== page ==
by ALYSSA VELAZQUEZ, Staff Writer
Student debt is at an all time high throughout the nation, and Manhattan College students are paying the price.
College tuition has been gradually increasing since the 1980s. It has risen to a point where college graduates are now struggling to be financially stable.
Based on the Consumer Price Index, which “measures inflation as experienced by consumers in their day-to-day living expenses,” according to the Bureau of Labor Statistics, the price of college tuition has greatly surpassed the price of U.S. homes and the general C.P.I. This increase in tuition has resulted in the student debt crisis that is commonly known by students.
Within the past few decades, the cost of living has increased, which directly affects the cost of attending a higher level education institution. However, the rate at which college tuition has increased, far exceeds the rate of the cost of living. According to a report in 2011 from Demos, “The Economic State of Young America,” the “average tuition at private 4-year colleges nearly tripled in a generation, increasing from $9,500 in the 1980 academic year to $27,300 in 2010.”
With college tuition nearly tripling the amount since the 1980s, students are now faced with the question of how they will cover these costs that are essentially inevitable. The option to not attend college is rarely available, in most cases students have to attend in order to enter the job market.
Sociology professor Cory Blad often questions his students in class as to why they are in college.
“I end up asking my students all the time, you know, how many of you really chose to go to college, or was that a concluded choice that was already done and made for you,” he said.
With most entry-level jobs requiring employees to have some sort of college degree, people need to go to college.
“When people sit down and think about it, they’re like yeah no it really wasn’t, you know, not going [to college] wasn’t really an option,” Blad said.
This idea that students don’t really have an option other than college, tends to be problematic due to the fact that attending college will mean possibly taking out loans to supplement the costs.
With all of this in mind, it’s important to remember that when students graduate from college, they are not always guaranteed a job because of the rise of unemployment in the nation.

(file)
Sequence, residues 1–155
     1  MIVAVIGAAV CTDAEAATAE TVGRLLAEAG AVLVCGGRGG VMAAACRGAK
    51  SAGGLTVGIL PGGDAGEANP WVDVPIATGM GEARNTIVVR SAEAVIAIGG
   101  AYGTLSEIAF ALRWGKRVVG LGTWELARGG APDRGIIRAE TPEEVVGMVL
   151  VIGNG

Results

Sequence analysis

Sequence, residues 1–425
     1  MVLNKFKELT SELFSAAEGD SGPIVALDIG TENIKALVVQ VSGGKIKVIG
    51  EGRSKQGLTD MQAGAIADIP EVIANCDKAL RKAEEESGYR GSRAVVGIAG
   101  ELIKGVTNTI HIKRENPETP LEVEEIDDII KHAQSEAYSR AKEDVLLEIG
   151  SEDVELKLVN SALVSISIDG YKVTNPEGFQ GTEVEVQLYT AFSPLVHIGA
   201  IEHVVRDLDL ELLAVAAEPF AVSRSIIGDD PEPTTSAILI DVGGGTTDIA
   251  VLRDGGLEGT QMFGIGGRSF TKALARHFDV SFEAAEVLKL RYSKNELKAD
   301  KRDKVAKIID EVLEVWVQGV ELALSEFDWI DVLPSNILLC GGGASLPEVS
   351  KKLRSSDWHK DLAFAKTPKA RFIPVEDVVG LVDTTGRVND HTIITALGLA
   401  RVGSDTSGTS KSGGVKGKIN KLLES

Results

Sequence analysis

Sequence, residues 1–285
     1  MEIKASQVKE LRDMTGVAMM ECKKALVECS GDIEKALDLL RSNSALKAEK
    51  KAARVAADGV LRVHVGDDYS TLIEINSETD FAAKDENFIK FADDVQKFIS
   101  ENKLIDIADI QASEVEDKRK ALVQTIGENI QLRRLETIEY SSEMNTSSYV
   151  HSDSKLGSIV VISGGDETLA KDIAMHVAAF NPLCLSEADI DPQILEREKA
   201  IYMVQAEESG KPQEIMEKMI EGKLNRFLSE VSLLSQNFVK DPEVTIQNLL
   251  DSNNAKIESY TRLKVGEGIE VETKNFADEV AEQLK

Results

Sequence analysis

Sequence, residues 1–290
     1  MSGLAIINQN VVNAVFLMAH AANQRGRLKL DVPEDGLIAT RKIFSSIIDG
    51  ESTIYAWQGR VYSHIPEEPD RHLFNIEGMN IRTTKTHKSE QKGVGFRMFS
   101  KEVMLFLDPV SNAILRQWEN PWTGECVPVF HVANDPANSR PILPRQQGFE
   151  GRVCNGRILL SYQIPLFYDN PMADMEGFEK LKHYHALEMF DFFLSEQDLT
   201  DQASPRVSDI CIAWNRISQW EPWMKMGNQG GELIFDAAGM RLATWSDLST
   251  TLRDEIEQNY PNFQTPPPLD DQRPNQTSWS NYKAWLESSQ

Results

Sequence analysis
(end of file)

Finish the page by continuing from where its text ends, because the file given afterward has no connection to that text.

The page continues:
Mario Fava, the director of finance of a local private high school and a former Manhattan College student, states that this is one of the major obstacles college students face.
“Will I actually be able to get a job after spending x-amount of money to earn a degree for a job in what I study has been the dilemma since the age of industrialization,” Fava said.
With the constant reminders of filling out FAFSA, applying for scholarships, and finding work-study, students are aware of this crisis and understand that they are part of the generation who will be affected the most by it. Therefore, many also understand the importance of planning ahead and being prepared for what the future could hold.
Sonia Ethakkan, a freshman at the MC, states that her concern for the possibility of being in debt when she graduates is minor, however this does not stop her from having a backup plan just in case.
“If I need more financial support, I would look for scholarships and good loan borrowing programs,” Ethakkan said.
Ethakkan is already preparing for the possibility of being in debt after college despite this idea being four years away, for some students this may soon become a reality.
Jhosped Dufflart, a senior at the College, said that although he is aware of the student debt crisis, his concern for it is minimal.
“I’m not concerned about it because I chose a major that will provide me an ample working environment that earns me a good living,” Dufflart said. “Work in a field that will provide me an income where I can afford to pay loans that I have taken out.”
Manhattan College, like most private higher level of education institutions, is also a business. Blad said one of the concerns private institutions have is to keep school affordability while also making enough money to stay afloat.
“How do you manage affordability concerns, while also realizing that your ability to do things as simple as keeping the lights on, is tied to the amount of revenue you have coming in as a non-profit institution,” Blad said.